Don’t assume that Instagram is just for consumer products. General Electric has been one of the early businesses to leverage the visual power of its products and customers.

BTW, here are 4 key types of visual content marketing using Instagram.

Actionable Social Media Tips:

Make your products and customers Instagram-friendly. Encourage your customers to share their images. There’s nothing stronger than seeing other consumers wearing or using your product.
Find the visual beauty in every aspect of your business. Think how you would explain your business to someone who had never seen before.
Twitter
23% of US Internet users are on Twitter, up 5 percentage points from 18% in August 2013.
36% of Twitter users visit the site daily, down 10 percentage points 2013.
22% of Twitter users visit the site more than once a day.
24% of Twitter users visit the site a few days a week
40% of Twitter users visit the site less often.
Twitter continues to grow, but at a slower rate. Further, the combination of short message longevity and limited participation, translates to publishing your Twitter content when your audience is active and to publishing your content more than once.

Here are 27 super easy tactics to boost your Twitter strategy.

Twitter Users 2014-Pew Internet

Actionable Social Media Tips:

Take the time to understand your target audience’s use of Twitter. The goal is to maximize your ability to reach your prospects when and where they’re focused.
Slice and dice your content for Twitter. Your aim is to present your content differently to reach the maximum audience possible.
Multi-platform social media 2015
Multi-platform use is on the rise: 52% of online adults now use 2 or more social media sites. This is a significant 10 percentage point increase from 2013.

79% of social media participants who use only 1 platform use Facebook.Multiple Social Media Site Usage-2014-Pew Research Center

The percentage of Facebook users who also participate on another social media network has increased since last year. 94% of Instagram users also use Facebook. This is attributable to Facebook’s ownership of Instagram and to easy ability to share events via photographs with people participants are close to.

In terms of non-Facebook social media interaction, there’s significant overlap between Instagram and Twitter users. This is also attributable to the easy ability to broadcast your activity to others.

58% of Twitter users also use Instagram.
52% of Instagram users also use Twitter.
Social Media Cross Platform Usage-Pew Research Center-1
The bottom line: social media is here to stay.
Marketers must figure out where their audience is on social media marketing 2015. Then they must develop strategies to create tailored content and distribute it by platform.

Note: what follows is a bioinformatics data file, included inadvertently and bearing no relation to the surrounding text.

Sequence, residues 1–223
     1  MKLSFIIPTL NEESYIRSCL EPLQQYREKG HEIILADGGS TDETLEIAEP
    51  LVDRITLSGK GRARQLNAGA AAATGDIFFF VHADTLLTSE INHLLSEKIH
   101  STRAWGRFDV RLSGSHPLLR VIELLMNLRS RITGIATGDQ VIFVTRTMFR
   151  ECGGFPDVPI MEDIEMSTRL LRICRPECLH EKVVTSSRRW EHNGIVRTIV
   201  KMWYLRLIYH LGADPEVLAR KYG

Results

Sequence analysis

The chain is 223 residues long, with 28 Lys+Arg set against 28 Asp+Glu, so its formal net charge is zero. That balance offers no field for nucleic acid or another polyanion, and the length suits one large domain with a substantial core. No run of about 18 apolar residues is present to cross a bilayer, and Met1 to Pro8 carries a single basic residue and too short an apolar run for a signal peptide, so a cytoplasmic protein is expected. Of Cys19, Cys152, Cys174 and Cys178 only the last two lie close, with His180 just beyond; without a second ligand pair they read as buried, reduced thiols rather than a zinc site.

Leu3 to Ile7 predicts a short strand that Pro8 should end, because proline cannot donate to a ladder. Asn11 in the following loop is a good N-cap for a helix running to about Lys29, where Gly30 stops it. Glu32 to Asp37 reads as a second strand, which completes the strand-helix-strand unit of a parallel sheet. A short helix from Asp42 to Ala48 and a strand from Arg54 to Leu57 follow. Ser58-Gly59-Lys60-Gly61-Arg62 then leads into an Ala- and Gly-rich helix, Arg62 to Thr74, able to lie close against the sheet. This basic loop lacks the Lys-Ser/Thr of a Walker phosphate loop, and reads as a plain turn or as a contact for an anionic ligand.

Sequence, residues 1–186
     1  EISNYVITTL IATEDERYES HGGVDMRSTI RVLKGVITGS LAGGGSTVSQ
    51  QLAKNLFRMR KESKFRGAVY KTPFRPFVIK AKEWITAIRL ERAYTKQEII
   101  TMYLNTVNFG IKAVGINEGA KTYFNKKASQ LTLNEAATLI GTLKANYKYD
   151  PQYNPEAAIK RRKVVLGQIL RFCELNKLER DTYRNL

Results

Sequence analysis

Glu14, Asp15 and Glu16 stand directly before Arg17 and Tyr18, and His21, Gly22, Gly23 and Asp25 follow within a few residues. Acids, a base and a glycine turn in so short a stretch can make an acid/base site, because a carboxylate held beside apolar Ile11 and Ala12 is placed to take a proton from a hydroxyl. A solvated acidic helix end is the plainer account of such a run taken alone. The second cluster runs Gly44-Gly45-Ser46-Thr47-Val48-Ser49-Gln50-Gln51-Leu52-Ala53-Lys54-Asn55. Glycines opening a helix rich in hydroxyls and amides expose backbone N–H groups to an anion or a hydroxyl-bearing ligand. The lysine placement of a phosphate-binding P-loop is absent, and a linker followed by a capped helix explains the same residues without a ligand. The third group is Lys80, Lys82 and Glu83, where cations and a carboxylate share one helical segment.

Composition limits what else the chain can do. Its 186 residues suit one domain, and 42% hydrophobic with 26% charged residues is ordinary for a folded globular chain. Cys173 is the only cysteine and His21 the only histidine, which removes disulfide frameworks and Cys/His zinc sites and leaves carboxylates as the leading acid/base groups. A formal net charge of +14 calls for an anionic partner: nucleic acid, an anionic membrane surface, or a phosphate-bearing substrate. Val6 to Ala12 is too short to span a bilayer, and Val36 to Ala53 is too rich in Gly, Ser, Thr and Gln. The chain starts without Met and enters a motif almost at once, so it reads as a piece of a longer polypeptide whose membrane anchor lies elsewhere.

Where is your audience on social media in 2015 and what are you doing to engage them?

BTW–Here’s the Ultimate 2015 Marketing Checklist to download.

Happy Marketing,
Heidi Cohen

Heidi CohenHeidi Cohen is the President of Riverside Marketing Strategies.

Register Now for the Intelligent Content Conference.
Intelligent Content Conference
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Content Marketing World 2015 is open for Registration!CMW_2015

Free White Paper!
Marketing Has Changed. Don’t Be Left Behind
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The workforce is evolving to be more collaborative, distributed, and autonomous than ever. Read this whitepaper and learn how you can support the needs and expectations of today’s dynamic marketing teams.

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This white paper will show you how to create team and organizational atmospheres of autonomy, trust, collaboration, and recognition so you can keep up with the today’s evolved marketing workforce.

Now there are two ways to get Heidi Cohen’s Actionable Marketing Guide by Email:
Subscribe to receive notice of each new actionable marketing post delivered free, directly to your inbox.

Signup for the weekly Actionable Marketing Newsletter and get a roundup of of the week’s posts, plus extra content you won’t find on the website, plus a free e-book: What Every Blogger Needs to Know – 101 Actionable Blog Tips

For more including images and charts see:
https://omhub.wordpress.com/2015/01/12/social-media-marketing-2015-where-is-your-audience/

Social Media Marketing 2015: Where Is Your Audience page posted “By Mike Armstrong”

25 Most Shared Online Marketing Posts of 2014

New post on Online Marketing Hub

Our 25 Most Shared Online Marketing Posts of 2014 by christopherjanb
top online marketing blog posts

We have a rich history here at Online Marketing Blog of talking about topics that have a bit of staying power for relevancy.

From the integration of SEO with social media and content marketing to the growing field of influencer marketing and co-created content, there’s a great mix of advice that we have published over the past year that will be useful for quite a while.

We appreciate your patronage of our site and your generosity in sharing the things that you like. Using a few of our favorite tools, we’ve identified our top 25 most shared online marketing blog posts from 2014 – share counts are rounded to the hundreds. Along with each post is the targeted topic and type followed with notes after the list on some basic patterns – all useful insights for our readers that blog.

1. Digital Marketing in 2015 – Predictions from 21 Marketers Who Know
Social Shares: 12,000
Author: Lee Odden
Topic: Digital Marketing